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First National Reaps Automated Mail Savings

First National Bank & Trust installs mail automation software to cut mailing costs by four cents an item.

When mailing thousands of statements a month, shaving a few cents off each one can add up to big savings.

So discovered First National Bank & Trust. By installing mail automation software, the Kokomo, Ind.-based institution was able to cut mailing costs by four cents an item on half of the 100,000 statements it mails each month, for a saving of $2,000.

By eliminating the need for a third-party sorting house, the technology helps the bank run more efficiently and "puts us ahead of the industry," said Terry Runyon, vice president of item processing at First National Bank & Trust.

Runyon inherited the statements area about two years ago. "I didn't have a lot of experience in statements," he said. "Postage and mail services were a new function for me."

That outsider perspective allowed him to quickly see that the process was inefficient. "I discovered that we spent a tremendous amount of time manually handling the majority of the statements we printed."

Using staff in that manner, he said, was "time consuming and costly to the bank."

Runyon also reviewed postage costs, which are a "significant expense for any institution." He learned that the bank was using a third-party sorting house, which charged a fee for each item it touched. That's when he began searching for an alternative.

Around that time, Runyon also learned of AutoMail Pro, a mail automation system from SynTel, Jonesboro, Ark. The product is a PC-based manifest mailing system that integrates with a firm's statement mailing process and employs protocols certified by the United States Postal Service.

The product is compatible with the postal service's Coding Accuracy Support System (CASS), which translates addresses into barcodes, and its Presort Accuracy Validation and Evaluation (PAVE) platform.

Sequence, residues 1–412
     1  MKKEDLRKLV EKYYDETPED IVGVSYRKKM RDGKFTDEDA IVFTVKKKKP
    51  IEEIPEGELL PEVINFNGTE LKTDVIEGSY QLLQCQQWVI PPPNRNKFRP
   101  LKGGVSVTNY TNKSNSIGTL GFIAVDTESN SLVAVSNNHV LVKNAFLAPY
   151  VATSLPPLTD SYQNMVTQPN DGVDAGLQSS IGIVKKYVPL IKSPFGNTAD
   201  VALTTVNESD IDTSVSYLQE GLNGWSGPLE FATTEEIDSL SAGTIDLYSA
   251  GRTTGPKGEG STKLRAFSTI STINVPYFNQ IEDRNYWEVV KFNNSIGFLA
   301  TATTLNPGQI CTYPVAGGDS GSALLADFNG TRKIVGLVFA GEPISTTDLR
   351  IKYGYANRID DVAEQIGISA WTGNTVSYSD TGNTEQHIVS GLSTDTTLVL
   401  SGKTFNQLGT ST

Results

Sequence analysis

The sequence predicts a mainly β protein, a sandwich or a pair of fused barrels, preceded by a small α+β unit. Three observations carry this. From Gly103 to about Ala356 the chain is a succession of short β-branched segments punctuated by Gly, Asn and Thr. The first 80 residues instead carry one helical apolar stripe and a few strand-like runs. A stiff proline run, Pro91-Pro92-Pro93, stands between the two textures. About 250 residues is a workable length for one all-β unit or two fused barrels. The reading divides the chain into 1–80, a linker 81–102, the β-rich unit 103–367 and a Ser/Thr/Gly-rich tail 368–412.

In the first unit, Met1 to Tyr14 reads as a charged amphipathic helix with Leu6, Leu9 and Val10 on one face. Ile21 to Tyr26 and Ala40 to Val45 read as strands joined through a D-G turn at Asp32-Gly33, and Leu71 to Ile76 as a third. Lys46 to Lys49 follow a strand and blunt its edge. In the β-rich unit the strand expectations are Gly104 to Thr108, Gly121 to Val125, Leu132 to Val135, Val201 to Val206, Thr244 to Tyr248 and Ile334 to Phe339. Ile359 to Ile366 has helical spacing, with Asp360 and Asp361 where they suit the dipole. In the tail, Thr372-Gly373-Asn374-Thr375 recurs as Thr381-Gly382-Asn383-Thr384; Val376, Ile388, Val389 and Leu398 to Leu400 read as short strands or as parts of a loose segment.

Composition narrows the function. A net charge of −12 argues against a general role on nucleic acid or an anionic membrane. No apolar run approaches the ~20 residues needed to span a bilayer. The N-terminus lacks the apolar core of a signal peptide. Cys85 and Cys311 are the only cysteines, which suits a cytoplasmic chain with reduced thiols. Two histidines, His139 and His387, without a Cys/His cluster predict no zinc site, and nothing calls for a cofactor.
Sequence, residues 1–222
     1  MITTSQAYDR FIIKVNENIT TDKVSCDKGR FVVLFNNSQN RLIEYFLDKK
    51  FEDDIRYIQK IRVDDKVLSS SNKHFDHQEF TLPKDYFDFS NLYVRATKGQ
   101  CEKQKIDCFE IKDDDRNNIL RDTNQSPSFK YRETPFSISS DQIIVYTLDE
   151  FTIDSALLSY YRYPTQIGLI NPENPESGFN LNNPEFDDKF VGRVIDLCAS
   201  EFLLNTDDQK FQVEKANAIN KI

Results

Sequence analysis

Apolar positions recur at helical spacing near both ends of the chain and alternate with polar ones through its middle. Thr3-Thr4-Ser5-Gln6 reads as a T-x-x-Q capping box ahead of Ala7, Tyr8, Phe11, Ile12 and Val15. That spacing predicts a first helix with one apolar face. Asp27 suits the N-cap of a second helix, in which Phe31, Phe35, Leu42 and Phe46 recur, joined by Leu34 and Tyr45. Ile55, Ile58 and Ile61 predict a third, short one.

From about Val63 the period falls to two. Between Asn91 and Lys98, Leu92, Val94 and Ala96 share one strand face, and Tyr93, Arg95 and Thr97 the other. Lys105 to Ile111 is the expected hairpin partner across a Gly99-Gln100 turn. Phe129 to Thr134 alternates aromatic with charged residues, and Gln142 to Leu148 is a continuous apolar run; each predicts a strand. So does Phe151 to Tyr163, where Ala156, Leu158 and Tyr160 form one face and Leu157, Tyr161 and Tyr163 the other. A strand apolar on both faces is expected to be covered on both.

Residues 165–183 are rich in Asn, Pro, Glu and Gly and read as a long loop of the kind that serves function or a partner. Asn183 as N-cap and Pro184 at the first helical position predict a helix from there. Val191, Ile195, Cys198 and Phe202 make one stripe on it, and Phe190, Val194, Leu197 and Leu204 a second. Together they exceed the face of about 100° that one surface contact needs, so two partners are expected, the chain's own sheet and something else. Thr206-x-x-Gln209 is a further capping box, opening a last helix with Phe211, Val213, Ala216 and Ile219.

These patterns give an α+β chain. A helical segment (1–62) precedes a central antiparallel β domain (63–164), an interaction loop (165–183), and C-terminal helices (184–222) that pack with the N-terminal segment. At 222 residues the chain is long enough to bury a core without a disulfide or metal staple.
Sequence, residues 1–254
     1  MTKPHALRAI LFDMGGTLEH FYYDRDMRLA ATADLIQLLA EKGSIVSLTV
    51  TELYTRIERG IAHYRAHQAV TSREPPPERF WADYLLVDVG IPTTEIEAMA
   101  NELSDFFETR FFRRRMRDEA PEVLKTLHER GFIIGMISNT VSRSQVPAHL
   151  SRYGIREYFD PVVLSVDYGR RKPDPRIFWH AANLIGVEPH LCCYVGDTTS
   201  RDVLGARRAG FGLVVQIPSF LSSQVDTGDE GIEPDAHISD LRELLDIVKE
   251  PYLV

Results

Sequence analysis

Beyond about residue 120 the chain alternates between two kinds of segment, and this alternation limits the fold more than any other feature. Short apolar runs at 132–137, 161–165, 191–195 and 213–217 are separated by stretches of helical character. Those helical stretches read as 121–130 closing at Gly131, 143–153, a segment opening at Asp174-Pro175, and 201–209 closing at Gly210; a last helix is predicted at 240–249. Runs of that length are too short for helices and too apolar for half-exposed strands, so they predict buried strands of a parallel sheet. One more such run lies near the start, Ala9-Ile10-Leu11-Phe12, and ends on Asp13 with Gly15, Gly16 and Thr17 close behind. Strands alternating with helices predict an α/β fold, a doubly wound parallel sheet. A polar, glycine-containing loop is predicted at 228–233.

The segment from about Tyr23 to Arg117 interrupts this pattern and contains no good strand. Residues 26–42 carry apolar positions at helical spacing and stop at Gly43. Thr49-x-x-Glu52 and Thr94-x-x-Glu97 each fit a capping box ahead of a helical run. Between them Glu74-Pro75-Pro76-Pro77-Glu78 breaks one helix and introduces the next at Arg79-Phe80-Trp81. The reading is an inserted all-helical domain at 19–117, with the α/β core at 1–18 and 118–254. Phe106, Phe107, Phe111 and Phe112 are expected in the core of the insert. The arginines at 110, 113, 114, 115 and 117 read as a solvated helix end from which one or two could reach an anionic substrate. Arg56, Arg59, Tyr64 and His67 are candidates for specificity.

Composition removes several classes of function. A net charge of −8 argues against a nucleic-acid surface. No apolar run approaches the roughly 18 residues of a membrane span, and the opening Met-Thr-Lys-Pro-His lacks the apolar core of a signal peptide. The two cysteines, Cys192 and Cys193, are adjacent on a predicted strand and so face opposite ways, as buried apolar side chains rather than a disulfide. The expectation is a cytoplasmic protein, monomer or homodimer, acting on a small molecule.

AutoMail Pro allows users to count pages, calculate weights, assign appropriate postage and print a mailing manifest that drills down to the carrier route codes or postal walk. The mail is presorted, which lowers postage costs.

With banks under pressure to cut administrative expenses, automation alleviates the tedious and costly processing of monthly statements. And with postal rates expected to rise as much as 33 percent over the next few years, banks will be under even more pressure to trim mailing costs.

In some instances, the SynTel software can reduce mail rates from 37 cents to as low as 27.5 cents, a savings of close to 28 percent. SynTel is eyeing regular mailings that banks make other than statements, such as year-end tax notices.

First National was live within two days of installing the system in June 2001, and in full production three months later. The bank uses three Hewlett-Packard printers, and a Bell & Howell mail folder and inserter.

To mail a statement, the bank simply builds a statement file, which is processed through the mailing automation software. The statements are printed, folded and inserted into envelopes.

The software calculates the weight for the statements and runs the CASS certification routine, providing accurate Zip codes and delivery routes. It generates the correct postage and appropriate bar code address labels, which are affixed to the envelopes. The mail is sorted and then turned over to the post office.

"They don't have to touch it," Runyon said. The postal station simply "hands it to the carrier. That's where the benefits are."

The system also prints reports that the postal service requires for the manifest mailing, plus "kicks out reports that basically lists all the addresses that did not CASS certify," said Runyon.

The end result is that the bank has been able to cut processing expenses, create customized mailings and insert additional literature geared to a targeted client segment.

One of the biggest challenges in implementing the system was working with the local post office "to make sure they understood what manifest mailing is," said Runyon. "We're only the second organization using it. It's a very new product for local post offices in Kokomo."

Runyon cautions other banks to "look at your demographics" before deciding to use manifest mailing, and to make sure the bank is in a location where "you'll see postal savings based on the presort rate. If you're in the middle of nowhere, a lot of addresses will not CASS-certify, so you're not going to get the bang for the buck."

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FAST FACTS

INSTITUTION: First National Bank & Trust

ASSETS: $1 billion

BUSINESS CHALLENGE: Reduce statement mailing costs through presorting.

SOLUTION: AutoMail Pro

KEY QUOTE: "We spent a tremendous amount of time manually handling the majority of the statements we printed."

- Terry Runyon, VP of item processing

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